A Commentary by John Stott

Acts 21:37-22:22.  3). Paul defends himself to the crowd.
     Claudius Lysias, as an honest open-minded Roman soldier, compares favorably with the prejudiced Jewish crowd. They had assumed, without taking the trouble to check it, that Paul had brought Trophimus into the inner court of the temple; Claudius Lysias had assumed that Paul was an Egyptian terrorist, but immediately changed his mind when he learned the facts. The revolutionary to whom Lysias was referring was described by Josephus as `an Egyptian false prophet’ who, about three years previously, had got together 30,000 men (Josephus was prone to exaggeration!), led them to the Mount of Olives, and promised them that, when the walls of Jerusalem fell flat at his command, they would be able to break into the city and overpower the Romans. But the procurator Felix and his troops intervened, and the *sikarioi* (`dagger men’, i.e. fanatical nationalist assassins) were killed, captured and scattered. But the Egyptian disappeared, and the commander at first thought that he had now come to light again. But Paul enlightened him about his identity. He spoke proudly of his citizenship of Tarsus, which was `the first city of Cilicia, not merely in material wealth but in intellectual distinction, as one of the great university cities of the Roman world’. He then asked leave to address the crowd, which was granted.
     As Paul boldly made his speech or defense (*apologia*, 22:1) to the hostile crowd from the stone steps which led up from the temple to the fortress of Antonia, he did so with great sensitivity and appropriateness. His sensitivity is seen both in his polite address to his audience as *Brothers and fathers* and in his choice of the Aramaic language, which in itself was enough to quieten them. But was what he said appropriate to the occasion? This is, of course, the second time that Luke has given his readers an account of Paul’s conversion. Previously he gave it in his own words, but this time (and the third time before King Agrippa) he gives it in Paul’s words. In each case the outline is the same, but the particular emphasis of each testimony is well fitted to its context. To the crowd in Jerusalem, whose angry complaint was that he taught everybody everywhere against the people, the law and the temple (21:28), Paul stressed his personal loyalty to his Jewish origins and faith.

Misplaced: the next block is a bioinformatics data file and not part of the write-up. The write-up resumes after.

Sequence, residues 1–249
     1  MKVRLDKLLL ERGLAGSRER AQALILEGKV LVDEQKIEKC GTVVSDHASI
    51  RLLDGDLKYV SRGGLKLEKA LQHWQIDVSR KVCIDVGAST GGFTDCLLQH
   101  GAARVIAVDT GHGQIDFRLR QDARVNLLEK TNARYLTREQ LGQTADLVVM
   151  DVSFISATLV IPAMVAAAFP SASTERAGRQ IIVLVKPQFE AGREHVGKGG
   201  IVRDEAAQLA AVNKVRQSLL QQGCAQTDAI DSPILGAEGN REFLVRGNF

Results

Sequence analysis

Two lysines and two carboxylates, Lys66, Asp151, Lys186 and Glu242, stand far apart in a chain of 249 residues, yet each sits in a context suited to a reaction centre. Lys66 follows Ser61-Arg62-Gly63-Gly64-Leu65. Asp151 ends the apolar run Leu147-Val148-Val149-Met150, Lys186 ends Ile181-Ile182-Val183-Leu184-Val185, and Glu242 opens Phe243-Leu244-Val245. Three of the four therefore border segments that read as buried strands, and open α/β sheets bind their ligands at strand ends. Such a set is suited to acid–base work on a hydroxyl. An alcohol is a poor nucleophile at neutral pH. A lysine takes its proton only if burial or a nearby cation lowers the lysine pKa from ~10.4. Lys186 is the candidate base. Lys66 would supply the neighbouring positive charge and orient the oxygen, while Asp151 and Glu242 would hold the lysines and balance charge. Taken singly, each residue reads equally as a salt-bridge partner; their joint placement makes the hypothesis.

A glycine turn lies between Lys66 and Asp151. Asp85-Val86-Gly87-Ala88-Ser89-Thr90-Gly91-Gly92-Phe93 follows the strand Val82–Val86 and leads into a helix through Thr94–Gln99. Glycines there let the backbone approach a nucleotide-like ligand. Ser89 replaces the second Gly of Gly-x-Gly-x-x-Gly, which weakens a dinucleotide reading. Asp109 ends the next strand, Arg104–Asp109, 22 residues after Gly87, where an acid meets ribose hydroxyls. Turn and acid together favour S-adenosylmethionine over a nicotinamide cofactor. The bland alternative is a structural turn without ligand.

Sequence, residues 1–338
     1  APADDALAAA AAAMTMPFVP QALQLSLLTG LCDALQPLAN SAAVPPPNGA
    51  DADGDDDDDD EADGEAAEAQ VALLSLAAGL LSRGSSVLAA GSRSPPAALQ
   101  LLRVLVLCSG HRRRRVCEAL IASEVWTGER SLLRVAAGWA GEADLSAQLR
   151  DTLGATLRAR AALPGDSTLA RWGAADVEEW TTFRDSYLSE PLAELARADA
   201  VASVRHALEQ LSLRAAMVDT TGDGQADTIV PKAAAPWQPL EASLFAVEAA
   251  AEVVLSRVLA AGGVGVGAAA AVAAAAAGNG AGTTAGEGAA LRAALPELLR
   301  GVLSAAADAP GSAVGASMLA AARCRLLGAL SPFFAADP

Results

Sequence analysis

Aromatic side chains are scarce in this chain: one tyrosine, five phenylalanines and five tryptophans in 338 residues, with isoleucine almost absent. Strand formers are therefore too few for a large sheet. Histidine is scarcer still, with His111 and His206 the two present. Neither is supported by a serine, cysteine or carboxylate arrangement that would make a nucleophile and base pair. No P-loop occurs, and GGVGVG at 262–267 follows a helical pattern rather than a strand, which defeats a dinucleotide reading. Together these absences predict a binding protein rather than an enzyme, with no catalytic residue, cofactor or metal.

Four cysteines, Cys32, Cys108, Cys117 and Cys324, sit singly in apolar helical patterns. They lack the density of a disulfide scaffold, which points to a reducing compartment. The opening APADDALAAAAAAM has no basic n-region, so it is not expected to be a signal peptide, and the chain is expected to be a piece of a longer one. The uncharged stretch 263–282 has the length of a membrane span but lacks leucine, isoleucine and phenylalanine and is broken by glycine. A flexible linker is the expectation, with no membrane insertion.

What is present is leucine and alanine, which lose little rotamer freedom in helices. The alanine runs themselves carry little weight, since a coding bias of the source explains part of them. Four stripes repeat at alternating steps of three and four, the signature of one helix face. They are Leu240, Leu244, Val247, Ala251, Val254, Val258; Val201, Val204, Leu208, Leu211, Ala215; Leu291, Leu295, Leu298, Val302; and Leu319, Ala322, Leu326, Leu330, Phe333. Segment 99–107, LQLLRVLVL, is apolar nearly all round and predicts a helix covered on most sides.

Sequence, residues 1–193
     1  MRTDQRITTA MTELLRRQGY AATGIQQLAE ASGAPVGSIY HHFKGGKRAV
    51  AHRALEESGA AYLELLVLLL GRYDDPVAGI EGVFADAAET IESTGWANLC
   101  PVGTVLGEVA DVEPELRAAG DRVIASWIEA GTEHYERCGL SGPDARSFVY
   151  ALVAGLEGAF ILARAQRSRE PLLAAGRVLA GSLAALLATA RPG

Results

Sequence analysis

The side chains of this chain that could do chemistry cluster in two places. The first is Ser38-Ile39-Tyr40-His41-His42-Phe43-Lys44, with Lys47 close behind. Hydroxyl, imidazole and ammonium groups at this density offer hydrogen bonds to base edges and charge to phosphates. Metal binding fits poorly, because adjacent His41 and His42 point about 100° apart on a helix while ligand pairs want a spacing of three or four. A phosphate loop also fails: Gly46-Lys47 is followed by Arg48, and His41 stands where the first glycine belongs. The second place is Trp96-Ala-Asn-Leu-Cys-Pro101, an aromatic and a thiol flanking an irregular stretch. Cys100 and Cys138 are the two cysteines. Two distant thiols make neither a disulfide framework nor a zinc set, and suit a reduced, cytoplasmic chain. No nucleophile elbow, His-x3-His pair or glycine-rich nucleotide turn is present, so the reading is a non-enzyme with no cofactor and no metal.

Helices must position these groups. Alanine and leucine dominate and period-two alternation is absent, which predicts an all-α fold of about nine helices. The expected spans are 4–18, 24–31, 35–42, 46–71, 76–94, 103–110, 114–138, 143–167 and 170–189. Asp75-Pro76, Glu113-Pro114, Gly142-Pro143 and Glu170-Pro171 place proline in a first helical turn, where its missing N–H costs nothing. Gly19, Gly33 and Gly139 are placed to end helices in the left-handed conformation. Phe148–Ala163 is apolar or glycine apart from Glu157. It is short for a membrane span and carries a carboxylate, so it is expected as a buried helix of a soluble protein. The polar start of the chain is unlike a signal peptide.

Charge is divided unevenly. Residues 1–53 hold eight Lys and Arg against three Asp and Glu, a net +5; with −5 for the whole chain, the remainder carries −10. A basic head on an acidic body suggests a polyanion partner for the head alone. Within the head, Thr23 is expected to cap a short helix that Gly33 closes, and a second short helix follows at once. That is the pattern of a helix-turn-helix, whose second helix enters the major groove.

First, he spoke of his Jewish birth and upbringing, and of his training *in the law of our fathers* under Gamaliel (cf. 5:34), the most eminent teacher of that time and the leader of the school of Hillel, whose disciple he had been. So his Jewishness was incontrovertible. He was `a Hebrew of the Hebrews’ (Phil. 3:5, AV.). Secondly, he drew attention to his zeal for God, which was as great as theirs, since he had persecuted  the followers of the Way, both men and women, even to prison and to death. The Sanhedrin could testify to this, since it was they who had issued him with the extradition order which he took with him to Damascus.
     Thirdly, Paul narrated the circumstances of his conversion, which was entirely due to a divine intervention, and not at all to any initiative of his own. A light from heaven had blinded him, and the person who spoke to him had identified himself as Jesus of Nazareth, Fourthly, Paul referred to the ministry of Ananias, whom he deliberately characterized as *a devout observer of the law and highly respected by all the Jews living there* in Damascus (12). It was he who restored Paul’s sight, who told him that *the God of our fathers* had chosen him to know his will, see the Righteous One, `hear his very voice’ (14, NEB) and be his witness, and who baptized him. Then fifthly, Paul came to his vision, which took place in the very temple he was supposed later to have defiled, and in which *the Lord* (Jesus is not mentioned by name) told him to leave Jerusalem immediately, in spite of his reluctance and objections. `Go’, the Lord had said. `*I will send you far away to the Gentiles.*’ That is, *exapostelo se*, almost `I will make you an apostle’, indeed the apostle to the Gentiles (21:26:17; cf. Gal. 1:16; 2:7-8).
     It was at this point that Paul was interrupted by the crowd who found their voices again and loudly demanded his death (22). It is important to understand why. In their eyes proselytism (making Gentiles into Jews) was fine; but evangelism (making Gentiles into Christians without first making them Jews) was an abomination. It was tantamount to saying that Jews and Gentiles were equal, for they both needed to come to God through Christ, and that on identical terms.
     Looking back over Paul’s defense, we may perhaps say that he made two major points. The first was that he himself was a loyal Jew, not only by birth and education but still. True, he was now a witness where before he had been a persecutor. But the God of his fathers was his God still. He had not broken away from his ancestral faith, still less apostatized; he stood in direct continuity with it. Jesus of Nazareth was `the Righteous One’ in whom prophecy had been fulfilled. And Paul’s second point was that those features of his faith which had changed, especially his acknowledgment of Jesus and his Gentile mission, were not his own eccentric ideas. They had been directly revealed to him from heaven, the one truth in Damascus and the other in Jerusalem. Indeed, nothing but such a heavenly intervention could have so completely transformed him.

Tomorrow: Acts 22:23-29.  4) Paul is protected by Roman Law.

The John Stott Bible Study is taken from The Message of Acts: Becoming a Christian. The Bible Speaks Today John Stott. Used by permission of Inter-Varsity Press UK, Nottingham. All rights reserved.